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Asian Tribune is published by World Institute For Asian Studies|Powered by WIAS Vol. 12 No. 2615

Tiger bows out from Sri Lanka

By Gopal Ethitraj
Colombo, 01 July, (

Tiger Airways, the leading low cost carrier of Singapore, has decided to terminate operations in Sri Lanka from September this year. They were about one year in operation in this sector. Their key destinations from Colombo are Singapore,Malaysia, Australia, Bali and Indonesia. The key reason for pulling out was not enough returns.

Launched on 31 May last year with much fanfare, the airlines started with three flights a week, stepped up to four from October last year, and has transported approximately 35,000-40,000 passengers within the year. Although in terms of the numbers, they have achieved their targets, the 180 seat carriers mostly came half full from other destinations.

“We only have to fill 50-60% of the aircraft, which we have done successfully. With the 80-85% load factor the carrier runs on, the airlines should ideally be able to breakeven and make profit. However, two key reasons prevent this, MAC Holdings Aviation Division General Manager Thisum Jayasuriya said.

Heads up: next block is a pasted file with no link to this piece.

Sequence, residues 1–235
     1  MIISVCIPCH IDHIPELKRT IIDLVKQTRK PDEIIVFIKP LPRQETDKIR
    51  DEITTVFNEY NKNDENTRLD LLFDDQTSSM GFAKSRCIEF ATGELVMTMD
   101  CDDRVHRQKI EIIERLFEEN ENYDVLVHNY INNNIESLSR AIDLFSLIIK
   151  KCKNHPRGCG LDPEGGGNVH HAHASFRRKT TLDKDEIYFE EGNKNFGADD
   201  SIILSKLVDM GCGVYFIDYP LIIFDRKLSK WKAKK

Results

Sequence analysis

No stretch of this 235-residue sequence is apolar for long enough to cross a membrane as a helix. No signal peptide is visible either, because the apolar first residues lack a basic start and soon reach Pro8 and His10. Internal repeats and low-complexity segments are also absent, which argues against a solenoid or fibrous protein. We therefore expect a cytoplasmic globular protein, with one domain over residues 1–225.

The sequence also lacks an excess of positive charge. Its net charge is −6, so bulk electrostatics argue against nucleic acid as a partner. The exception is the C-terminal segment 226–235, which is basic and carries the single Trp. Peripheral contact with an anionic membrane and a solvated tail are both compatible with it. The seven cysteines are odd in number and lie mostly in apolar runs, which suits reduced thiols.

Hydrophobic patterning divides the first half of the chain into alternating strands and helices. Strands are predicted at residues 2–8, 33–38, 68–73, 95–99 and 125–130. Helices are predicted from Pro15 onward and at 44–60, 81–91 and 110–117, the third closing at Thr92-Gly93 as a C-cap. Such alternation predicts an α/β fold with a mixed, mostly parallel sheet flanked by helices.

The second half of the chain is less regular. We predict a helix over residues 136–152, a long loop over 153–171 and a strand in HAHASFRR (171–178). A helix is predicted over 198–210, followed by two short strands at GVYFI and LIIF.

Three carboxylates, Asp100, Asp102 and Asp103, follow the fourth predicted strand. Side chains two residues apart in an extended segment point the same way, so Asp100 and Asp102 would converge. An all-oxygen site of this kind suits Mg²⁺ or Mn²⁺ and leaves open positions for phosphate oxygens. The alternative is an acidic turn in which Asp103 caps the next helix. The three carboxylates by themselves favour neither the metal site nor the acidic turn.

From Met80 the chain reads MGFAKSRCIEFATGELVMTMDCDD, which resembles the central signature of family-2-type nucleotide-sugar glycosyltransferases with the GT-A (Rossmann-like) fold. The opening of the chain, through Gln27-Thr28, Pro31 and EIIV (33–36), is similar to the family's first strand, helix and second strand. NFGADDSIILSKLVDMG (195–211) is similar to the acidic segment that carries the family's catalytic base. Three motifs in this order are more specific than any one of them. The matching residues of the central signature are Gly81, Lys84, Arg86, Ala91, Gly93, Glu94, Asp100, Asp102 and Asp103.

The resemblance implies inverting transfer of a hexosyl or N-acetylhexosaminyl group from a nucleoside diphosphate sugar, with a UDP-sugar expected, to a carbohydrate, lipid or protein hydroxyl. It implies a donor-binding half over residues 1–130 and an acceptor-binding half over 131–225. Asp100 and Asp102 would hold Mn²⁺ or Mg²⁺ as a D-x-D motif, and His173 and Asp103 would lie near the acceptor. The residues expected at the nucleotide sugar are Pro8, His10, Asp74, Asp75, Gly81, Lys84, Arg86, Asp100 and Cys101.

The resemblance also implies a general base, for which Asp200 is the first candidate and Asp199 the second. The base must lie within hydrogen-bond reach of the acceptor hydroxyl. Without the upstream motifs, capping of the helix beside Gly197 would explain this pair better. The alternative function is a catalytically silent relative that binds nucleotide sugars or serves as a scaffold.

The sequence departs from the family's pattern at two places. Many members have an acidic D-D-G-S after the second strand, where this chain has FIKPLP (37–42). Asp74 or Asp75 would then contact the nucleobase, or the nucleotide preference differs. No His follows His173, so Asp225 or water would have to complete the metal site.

“This is a price sensitive market. Major airlines such as Cathay Pacific, Emirates and Singapore Airlines, etc. are selling low cost fares in this market, over and above the onward passengers and cargo handling. This makes it hard for budget carriers to operate. now it is not viable for low-cost airlines to operate from Sri Lanka. I believe these were the same reasons for AirAsia to pull out as well.”

The Sri Lankan aviation system currently has no concessions for low-cost airlines, which also makes it harder for those carriers to compete among the bigger names, he said. The airport and aviation ground handling charges were the same for all airlines. “If the Government can come up with a system that considers giving concessions for budget carriers, it will encourage those present to stay on as well as lure in other names to come in and serve our market.”

Low-cost airlines currently in Sri Lanka include Air Arabia, flydubai, SpiceJet, Air India Express and the State-owned budget carrier Mihin Lanka.

The budget airline although had made the decision three weeks ago, now it has started conferencing those who had booked for the period beyond August and finding some alternatives, full refund to passengers, or if they wish, they could even change the ticket and bring it forward to a date before the termination of services with no additional chargers.. A total of 700 passengers have made bookings for the period between August and December 2013, according to MAC Aviation Services Ltd., the General Sales Agent for Tiger Airways.

- Asian Tribune -

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